Despite differences in terminology, all the contemporary theories of dreaming have a common thread — they all emphasise that dreams are not about prosaic themes, not about reading, writing, and arithmetic, but about emotion, or what psychologists refer to as affect. What is carried forward from waking hours into sleep are recent experiences that have an emotional component, often those that were negative in tone but not noticed at the time or not fully resolved. One proposed purpose of dreaming, of what dreaming accomplishes (known as the mood regulatory function of dreams theory) is that dreaming modulates disturbances in emotion, regulating those that are troublesome. My research, as well as that of other investigators in this country and abroad, supports this theory. Studies show that negative mood is down-regulated overnight. How this is accomplished has had less attention.
I propose that when some disturbing waking experience is reactivated in sleep and carried forward into REM, where it is matched by similarity in feeling to earlier memories, a network of older associations is stimulated and is displayed as a sequence of compound images that we experience as dreams. This melding of new and old memory fragments modifies the network of emotional self-defining memories, and thus updates the organizational picture we hold of ‘who I am and what is good for me and what is not.’ In this way, dreaming diffuses the emotional charge of the event and so prepares the sleeper to wake ready to see things in a more positive light, to make a fresh start. This does not always happen over a single night; sometimes a big reorganization of the emotional perspective of our self-concept must be made — from wife to widow or married to single, say, and this may take many nights. We must look for dream changes within the night and over time across nights to detect whether a productive change is under way. In very broad strokes, this is the definition of the mood-regulatory function of dreaming, one basic to the new model of the 20-four hour mind I am proposing.
Daylight savings time.
Studies have shown that disrupting circadian rhythms by even one hour during the switch to daylight saving time may increase depression, traffic accidents, and heart attacks. These rhythms affect consumption and metabolism in animals — it is hard to imagine that they aren’t also playing a role in human appetites as well. Controlling environmental light with lamps, TVs, and computers gives us incredible flexibility and productivity. But it interrupts daily and yearly cycles that were billions of years in the making and are shared by countless creatures on our planet.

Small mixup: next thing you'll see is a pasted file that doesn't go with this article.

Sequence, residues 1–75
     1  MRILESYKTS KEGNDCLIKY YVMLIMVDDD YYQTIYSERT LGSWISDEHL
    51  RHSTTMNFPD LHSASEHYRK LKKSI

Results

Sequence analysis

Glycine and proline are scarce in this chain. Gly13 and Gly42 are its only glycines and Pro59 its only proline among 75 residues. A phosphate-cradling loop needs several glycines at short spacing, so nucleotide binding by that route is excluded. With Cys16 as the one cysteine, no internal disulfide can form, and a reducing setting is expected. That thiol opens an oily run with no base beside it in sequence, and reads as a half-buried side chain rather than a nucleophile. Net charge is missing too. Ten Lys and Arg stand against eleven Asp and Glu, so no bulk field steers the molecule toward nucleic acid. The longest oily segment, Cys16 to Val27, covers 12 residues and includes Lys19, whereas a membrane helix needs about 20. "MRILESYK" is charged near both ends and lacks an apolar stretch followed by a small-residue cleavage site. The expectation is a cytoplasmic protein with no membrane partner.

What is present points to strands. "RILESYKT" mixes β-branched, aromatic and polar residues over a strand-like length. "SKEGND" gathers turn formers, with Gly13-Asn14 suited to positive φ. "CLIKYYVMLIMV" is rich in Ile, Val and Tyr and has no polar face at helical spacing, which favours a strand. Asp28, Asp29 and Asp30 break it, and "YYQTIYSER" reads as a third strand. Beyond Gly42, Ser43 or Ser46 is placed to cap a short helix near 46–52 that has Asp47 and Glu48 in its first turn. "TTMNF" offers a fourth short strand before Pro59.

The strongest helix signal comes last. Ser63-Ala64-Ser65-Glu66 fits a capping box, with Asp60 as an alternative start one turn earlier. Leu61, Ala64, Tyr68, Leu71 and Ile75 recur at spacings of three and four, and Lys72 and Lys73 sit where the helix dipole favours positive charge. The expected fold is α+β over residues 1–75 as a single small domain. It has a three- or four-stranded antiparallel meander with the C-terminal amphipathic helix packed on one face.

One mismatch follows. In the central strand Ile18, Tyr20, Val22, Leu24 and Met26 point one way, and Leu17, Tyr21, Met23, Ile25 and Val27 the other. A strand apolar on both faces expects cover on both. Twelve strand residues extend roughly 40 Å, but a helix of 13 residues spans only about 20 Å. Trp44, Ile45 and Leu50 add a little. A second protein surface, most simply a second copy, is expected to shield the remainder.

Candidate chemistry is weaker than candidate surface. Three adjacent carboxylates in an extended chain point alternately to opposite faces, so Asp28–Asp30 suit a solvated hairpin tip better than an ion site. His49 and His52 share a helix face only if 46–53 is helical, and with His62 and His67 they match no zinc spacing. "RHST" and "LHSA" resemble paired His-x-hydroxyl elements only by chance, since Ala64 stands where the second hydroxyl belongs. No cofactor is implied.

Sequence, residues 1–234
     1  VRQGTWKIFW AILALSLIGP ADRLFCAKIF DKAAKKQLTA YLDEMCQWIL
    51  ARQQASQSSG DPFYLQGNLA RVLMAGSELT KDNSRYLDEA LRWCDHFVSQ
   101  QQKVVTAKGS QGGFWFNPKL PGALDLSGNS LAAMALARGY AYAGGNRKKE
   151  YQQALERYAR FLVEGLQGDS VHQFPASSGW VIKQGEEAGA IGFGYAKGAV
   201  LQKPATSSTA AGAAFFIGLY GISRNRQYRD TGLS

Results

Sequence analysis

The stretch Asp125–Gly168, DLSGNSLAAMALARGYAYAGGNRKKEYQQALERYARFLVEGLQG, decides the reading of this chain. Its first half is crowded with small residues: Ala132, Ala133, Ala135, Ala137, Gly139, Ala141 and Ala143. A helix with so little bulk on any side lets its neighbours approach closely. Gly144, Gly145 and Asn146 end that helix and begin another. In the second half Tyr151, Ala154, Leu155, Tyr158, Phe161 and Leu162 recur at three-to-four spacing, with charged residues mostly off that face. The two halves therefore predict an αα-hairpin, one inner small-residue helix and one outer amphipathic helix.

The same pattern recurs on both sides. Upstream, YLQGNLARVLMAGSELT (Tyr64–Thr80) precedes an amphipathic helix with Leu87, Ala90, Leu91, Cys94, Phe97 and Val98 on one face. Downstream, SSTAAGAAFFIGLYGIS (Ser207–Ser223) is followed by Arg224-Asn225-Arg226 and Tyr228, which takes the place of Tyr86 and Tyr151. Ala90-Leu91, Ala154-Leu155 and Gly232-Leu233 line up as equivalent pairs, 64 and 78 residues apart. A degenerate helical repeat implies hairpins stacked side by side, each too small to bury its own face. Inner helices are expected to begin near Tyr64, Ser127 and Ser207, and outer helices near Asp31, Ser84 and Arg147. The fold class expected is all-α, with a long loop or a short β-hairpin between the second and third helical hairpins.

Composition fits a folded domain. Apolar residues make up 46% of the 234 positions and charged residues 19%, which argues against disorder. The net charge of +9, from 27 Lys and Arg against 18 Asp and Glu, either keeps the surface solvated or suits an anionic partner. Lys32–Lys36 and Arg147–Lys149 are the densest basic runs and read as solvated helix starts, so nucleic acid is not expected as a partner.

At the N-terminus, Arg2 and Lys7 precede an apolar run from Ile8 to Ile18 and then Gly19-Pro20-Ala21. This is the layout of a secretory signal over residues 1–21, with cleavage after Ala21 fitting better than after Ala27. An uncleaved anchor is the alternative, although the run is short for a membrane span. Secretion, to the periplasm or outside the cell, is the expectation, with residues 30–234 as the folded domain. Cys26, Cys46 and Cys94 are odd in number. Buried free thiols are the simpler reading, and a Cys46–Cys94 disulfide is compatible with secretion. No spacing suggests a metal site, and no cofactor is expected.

What causes insomnia?
The cause is often the brain’s refusal to give up its unequaled ability to think about itself, a meta-phenomenon that Harvard professor Daniel M. Wegner has called “the ironic process of mental control.” To illustrate this concept, imagine someone telling you that you will be judged on how quickly you can relax. Your initial reaction most likely is to tighten up. After he posed that challenge to research subjects, Wegner found that the average person becomes anxious as his or her mind constantly monitors its progress toward its goal, caught up in the second-by-second process of self-assessment. In the same way, sleep becomes more elusive as a person’s sleep needs become more urgent. This problem compounds itself each night, leading to a state of chronic insomnia.
Patients with insomnia tend to think that one night of poor sleep leads to immediate health problems or has an outsized impact on their mood the next day, a mental pressure cooker that leaves them fretting that every second they are awake in the middle of the night is another grain of salt in the wound. In the inverted logic of the condition, sleep is extremely important to someone with insomnia. Therefore, the person with insomnia can’t get sleep.
Good sleepers have an active mind.
[In] good sleepers, the mind is continuously active, reviewing experience from yesterday, sorting which new information is relevant and important to save due to its emotional saliency. Dreams are not without sense, nor are they best understood to be expressions of infantile wishes. They are the result of the interconnectedness of new experience with that already stored in memory networks. But memory is never a precise duplicate of the original; instead, it is a continuing act of creation. Dream images are the product of that creation. They are formed by pattern recognition between some current emotionally valued experience matching the condensed representation of similarly toned memories. Networks of these become our familiar style of thinking, which gives our behaviour continuity and us a coherent sense of who we are. Thus, dream dimensions are elements of the schemas, and both represent accumulated experience and serve to filter and evaluate the new day’s input.